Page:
Primarily nocturnal, this species often rests in barns and sheds during the day, probably because there’s an easy supply of food! Although they’re common, eastern milksnakes are secretive and rarely seen, because they make use of logs and debris piles for cover, which is a major requirement of any habitat for milk snakes.
Venomous Connecticut Snakes
Although most of the snakes in Connecticut are harmless — nonvenomous and not at all dangerous to people — there are two venomous snakes. These pit vipers are uncommon, and not even in the top five most commonly spotted snakes in Connecticut, according to iNaturalist.org.
Yet, these pit vipers are dangerous, so proper identification can save your life — or digits. So here’s what you need to know.
What’s a Pit Viper?
Pit vipers include rattlesnakes, copperheads, and cottonmouths. In general, they have stocky bodies and big heads with skinny necks. These snakes are in the Viperidae subfamily of Crotalinae. They’re primarily found in the Americas, but a few pit viper species have made their way into parts of Asia.
Yet, the true distinguishing characteristic really is as plain as the nose on their cranky little faces!
They’re called pit vipers because they have special heat-sensitive organs between each nostril and eye. Scientists call them loreal pits because they’re located in a depression in the loreal scale. These organs give the snake very detailed information about temperature of whatever is right in front of the snake, because the pits face forward. In fact, the information is so accurate, that many of them can detect the difference between even five-thousandths (.005) of a degree Fahrenheit.
Pit vipers don’t move very quickly because they’re thick-bodies don’t allow it. Instead, they rely on camouflage. In fact, this is why some people get bitten — the snakes are hard to see! Most species, including those in Connecticut, have camouflage that visually breaks up their outline.
The big, angular head that pit vipers sport is due to rather large venom glands that sit right behind their eyes. It’s what gives pit vipers their distinctive appearance. These snakes also have vertical pupils, like you see in a cat.
Which Connecticut Snakes are Pit Vipers?
You’ll find northern copperheads and timber rattlesnakes in Connecticut. These snakes aren’t very common in the state. However, I include them because if you spend a lot of time outdoors hiking, or if your home is in a very rural area, you’re likely to see one at some point.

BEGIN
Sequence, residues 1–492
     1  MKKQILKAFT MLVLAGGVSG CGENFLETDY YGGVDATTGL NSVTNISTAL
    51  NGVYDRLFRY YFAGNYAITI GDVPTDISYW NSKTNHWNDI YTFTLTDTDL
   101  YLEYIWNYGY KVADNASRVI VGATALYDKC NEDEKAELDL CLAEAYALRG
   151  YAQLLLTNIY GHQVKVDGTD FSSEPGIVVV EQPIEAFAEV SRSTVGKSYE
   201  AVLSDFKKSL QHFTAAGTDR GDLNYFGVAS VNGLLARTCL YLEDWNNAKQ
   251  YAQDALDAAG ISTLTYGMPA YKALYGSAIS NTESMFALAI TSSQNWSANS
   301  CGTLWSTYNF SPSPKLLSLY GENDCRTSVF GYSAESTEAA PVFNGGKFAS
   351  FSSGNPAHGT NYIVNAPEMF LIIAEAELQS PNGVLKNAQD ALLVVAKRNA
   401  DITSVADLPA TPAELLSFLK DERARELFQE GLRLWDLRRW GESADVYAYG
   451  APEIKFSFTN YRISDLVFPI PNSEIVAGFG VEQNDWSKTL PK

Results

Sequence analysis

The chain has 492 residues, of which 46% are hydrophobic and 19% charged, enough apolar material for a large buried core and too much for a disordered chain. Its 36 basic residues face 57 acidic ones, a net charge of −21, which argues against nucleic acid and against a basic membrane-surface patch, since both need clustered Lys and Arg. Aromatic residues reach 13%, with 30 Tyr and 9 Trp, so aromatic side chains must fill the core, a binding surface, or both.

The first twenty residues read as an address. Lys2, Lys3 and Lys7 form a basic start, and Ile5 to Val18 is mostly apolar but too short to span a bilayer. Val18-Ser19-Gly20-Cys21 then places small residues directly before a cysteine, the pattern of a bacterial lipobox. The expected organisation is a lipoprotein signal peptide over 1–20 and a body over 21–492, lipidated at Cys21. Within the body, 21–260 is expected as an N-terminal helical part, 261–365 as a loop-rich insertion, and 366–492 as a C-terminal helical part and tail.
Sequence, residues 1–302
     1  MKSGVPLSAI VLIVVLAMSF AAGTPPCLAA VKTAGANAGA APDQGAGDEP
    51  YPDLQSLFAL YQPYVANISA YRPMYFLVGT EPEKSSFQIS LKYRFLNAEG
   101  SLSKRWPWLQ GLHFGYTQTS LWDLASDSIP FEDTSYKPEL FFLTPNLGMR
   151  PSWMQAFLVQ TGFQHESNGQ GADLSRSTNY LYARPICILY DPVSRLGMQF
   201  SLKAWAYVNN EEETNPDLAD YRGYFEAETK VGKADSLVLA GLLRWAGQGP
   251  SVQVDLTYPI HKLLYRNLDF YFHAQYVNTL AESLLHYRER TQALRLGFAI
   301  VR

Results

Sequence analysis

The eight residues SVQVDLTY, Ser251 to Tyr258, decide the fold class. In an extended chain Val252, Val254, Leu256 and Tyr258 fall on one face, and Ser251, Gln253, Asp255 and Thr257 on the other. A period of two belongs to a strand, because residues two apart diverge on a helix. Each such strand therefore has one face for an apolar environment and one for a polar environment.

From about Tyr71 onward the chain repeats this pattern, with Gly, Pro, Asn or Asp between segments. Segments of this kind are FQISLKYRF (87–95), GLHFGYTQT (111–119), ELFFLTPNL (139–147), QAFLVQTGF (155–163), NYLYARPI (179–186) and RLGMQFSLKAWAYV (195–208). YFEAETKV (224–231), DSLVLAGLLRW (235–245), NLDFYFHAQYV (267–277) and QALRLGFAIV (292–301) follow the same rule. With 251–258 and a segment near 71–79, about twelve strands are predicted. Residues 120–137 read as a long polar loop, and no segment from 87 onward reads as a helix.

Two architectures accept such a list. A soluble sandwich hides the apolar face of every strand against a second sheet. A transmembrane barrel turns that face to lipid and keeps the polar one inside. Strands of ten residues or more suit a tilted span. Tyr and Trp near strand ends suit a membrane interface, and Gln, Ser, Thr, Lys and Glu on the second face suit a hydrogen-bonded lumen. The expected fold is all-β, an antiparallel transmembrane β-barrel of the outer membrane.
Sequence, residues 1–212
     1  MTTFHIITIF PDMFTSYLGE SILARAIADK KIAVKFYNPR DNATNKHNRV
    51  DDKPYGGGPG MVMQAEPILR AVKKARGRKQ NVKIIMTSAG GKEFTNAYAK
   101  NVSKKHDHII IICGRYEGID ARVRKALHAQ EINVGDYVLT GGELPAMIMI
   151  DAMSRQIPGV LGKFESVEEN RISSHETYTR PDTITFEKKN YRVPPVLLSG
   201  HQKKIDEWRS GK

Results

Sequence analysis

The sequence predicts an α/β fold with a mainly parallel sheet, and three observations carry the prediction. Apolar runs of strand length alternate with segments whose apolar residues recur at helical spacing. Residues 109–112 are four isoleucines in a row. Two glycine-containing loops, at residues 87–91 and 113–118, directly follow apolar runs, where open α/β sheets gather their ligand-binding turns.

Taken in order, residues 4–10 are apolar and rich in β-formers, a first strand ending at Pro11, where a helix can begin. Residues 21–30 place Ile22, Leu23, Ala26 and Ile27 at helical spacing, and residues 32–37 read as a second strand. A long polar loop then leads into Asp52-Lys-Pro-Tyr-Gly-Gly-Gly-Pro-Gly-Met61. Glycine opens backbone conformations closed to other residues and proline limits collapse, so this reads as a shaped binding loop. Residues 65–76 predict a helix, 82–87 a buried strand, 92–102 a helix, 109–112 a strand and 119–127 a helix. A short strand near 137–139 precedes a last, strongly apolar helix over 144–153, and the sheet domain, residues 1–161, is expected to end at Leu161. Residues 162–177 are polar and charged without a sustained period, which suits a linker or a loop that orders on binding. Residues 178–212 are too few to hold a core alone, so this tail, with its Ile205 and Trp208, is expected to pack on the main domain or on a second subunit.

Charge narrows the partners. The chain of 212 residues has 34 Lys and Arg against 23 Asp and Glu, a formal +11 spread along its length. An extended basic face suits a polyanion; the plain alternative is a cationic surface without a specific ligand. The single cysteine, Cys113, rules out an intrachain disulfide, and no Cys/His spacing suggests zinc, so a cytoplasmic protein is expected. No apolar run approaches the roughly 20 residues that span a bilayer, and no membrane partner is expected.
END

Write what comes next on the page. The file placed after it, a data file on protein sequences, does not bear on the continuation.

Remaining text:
Copperheads are common across the eastern half of the U.S., from Texas all the way east to the Atlantic coast, and then north to Massachusetts.
They’re as common as they are stealthy. In fact, you’ve probably walked right on past many of them in your time outside, because they rely on their excellent camouflage that makes copperheads look like the leaves where they hide.
While they’re common in most of their range, they’re not as common here because Connecticut sits near the northern edge. Copperheads get their name from the bronze-copper color of their head. These snakes are on the small side for pit vipers and average about two to three feet long. They have a gray to pinkish base color with darker hourglass-shaped markings. Their markings often have lighter centers with clean edges.
Copperheads are masters of camouflage. Most bites happen when people step on and startle the snakes. Fortunately, their venom is one of the milder pit viper venoms and most people survive with little to no permanent damage. However, copperhead venom does contain hemotoxins, so immediate medical attention is vital.
Timber rattlesnakes aren’t quite so common in Connecticut. They used to be much more widespread, but they’re very sensitive to habitat changes. Over time, residential and commercial development has drastically reduced their range. In addition to persecution because rattlesnakes terrify people, timber rattlesnakes’ population is much lower than it was in the past.
This highly venomous snake is big enough to impart a massive dose of venom. It’s easily enough to kill a person. However, they’re not as likely to bite as other venomous snakes. Timber rattlesnakes usually give ample warning before striking, but not always.
These snakes are fairly large, and most often measure about five feet long, but there are reports of seven-foot-long individuals. This rattlesnake species has dark chevron or m-shaped crossbands over a lighter gray to yellowish-brown until its tail, which becomes almost solid black. In the northern parts of of its range, it often becomes almost black. Some scientists believe that’s a natural mechanism to help them soak up more of the sun’s heat.
Other Connecticut Garden Snakes
There are a few more snakes you might encounter in your Connecticut garden — you’d be surprised at the variety, even though there aren’t that many. Plus, they’re all harmless!
- Dekay’s Brownsnake (Storeria dekayii)
- North American Racer (Coluber constrictor)
- Eastern hognose snake (Heterodon platyrhinos)
- Common ribbon snake (Thamnophis saurita)
- Eastern worm snake (Carphophis amoenus)
- Red-bellied snake (Storeria occipitomaculata)
- Smooth green snake (Opheodrys vernalis)
The photo featured at the top of this post is © Jay Ondreicka/Shutterstock.com